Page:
November 29, 2017
"The worst thing is feeling so helpless, that I can’t find anything to work for Abbi, or help her – and battling with other people and the school, and close family and friends, who don’t understand. I don’t talk to people about it anymore, because they don’t understand. It makes us look inward – Abbi and I are trying to survive this together."
Helen’s daughter Abbi, 16, has had M.E. for two years.
"Luckily my employer is very supportive, but it is very hard, particularly the battle we are still having with the school", Helen explains. "It’s like Abbi’s not allowed to be a teenager and also be ill – she doesn’t fit with their idea of what chronic illness looks like.
"Two things have helped massively – the specialist M.E. clinic that is treating Abbi, and Action for M.E.
"I haven’t reached out as much as I could, and it took someone at the charity to say 'we can help' for me to realise help was there. After speaking to Action for M.E., I felt reassured that I wasn’t just being a stupid parent, and that I do have a right to ask for this help for Abbi. Knowing this really helped – as did signposting me to the individual healthcare plan, which has been really useful.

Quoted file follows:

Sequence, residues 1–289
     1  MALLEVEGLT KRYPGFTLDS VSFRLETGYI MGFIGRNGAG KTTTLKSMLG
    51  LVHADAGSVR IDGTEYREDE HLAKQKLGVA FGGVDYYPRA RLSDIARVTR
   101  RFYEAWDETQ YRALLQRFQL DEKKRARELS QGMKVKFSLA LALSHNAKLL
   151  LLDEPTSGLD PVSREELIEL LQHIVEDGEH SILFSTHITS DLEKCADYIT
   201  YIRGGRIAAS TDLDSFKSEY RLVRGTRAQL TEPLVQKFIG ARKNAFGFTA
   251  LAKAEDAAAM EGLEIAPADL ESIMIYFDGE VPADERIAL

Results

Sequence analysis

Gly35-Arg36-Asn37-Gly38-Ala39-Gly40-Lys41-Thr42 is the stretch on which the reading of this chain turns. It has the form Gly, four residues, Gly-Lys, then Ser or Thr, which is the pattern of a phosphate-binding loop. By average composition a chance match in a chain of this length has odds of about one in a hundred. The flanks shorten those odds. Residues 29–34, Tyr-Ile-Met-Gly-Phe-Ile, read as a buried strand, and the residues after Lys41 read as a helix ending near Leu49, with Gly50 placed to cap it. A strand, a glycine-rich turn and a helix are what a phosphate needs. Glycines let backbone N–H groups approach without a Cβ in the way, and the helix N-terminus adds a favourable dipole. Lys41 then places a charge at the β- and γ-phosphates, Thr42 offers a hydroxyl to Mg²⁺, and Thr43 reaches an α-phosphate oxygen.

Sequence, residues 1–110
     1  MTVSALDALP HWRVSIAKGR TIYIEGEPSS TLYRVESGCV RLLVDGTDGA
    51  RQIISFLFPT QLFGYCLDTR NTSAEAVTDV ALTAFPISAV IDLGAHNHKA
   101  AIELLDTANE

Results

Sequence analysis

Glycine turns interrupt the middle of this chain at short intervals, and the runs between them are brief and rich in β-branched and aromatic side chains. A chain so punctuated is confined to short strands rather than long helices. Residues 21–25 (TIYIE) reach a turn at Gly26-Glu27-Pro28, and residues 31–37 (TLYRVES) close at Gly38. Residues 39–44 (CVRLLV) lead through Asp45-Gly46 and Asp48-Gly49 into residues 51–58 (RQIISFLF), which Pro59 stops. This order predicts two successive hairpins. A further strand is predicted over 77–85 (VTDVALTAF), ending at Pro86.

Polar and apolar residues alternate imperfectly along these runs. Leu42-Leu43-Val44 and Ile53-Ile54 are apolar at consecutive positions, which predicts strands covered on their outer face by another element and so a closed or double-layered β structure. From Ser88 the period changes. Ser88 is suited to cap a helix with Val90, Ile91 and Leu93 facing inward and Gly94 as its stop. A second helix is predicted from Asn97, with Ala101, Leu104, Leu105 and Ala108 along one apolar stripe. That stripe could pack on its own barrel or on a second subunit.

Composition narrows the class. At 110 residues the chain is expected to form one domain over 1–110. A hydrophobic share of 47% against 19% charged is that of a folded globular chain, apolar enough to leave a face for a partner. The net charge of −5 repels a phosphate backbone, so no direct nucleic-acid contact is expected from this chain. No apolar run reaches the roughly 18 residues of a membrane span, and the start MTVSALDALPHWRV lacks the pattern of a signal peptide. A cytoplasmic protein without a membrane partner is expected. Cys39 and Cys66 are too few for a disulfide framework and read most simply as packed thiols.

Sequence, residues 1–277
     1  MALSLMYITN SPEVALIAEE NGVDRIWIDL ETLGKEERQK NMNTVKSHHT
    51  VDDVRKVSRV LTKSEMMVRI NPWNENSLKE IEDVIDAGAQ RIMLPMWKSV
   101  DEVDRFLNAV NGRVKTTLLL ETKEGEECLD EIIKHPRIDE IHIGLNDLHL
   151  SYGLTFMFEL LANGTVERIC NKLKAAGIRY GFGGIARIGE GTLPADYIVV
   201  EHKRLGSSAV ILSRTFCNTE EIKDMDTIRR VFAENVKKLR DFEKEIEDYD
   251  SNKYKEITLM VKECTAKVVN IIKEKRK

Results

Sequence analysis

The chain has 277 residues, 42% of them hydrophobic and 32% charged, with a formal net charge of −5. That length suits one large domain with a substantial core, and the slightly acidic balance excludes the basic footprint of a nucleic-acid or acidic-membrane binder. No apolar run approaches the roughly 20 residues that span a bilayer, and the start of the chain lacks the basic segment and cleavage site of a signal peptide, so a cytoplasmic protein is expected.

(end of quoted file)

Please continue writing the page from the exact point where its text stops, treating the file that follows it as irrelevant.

"After working full-time and then coming home to look after Abbi, this combination of moral support and practical support has really been what I needed.
"If someone told me they or their child had just been diagnosed with M.E., I would tell them to reach out for help as soon as they can – I know it’s a hard thing to do, but it’s so important. I thought that because Abbi wasn’t so severely affected as some, I minimised it, and didn’t think about the emotional impact. The help is there – make sure you ask for it."
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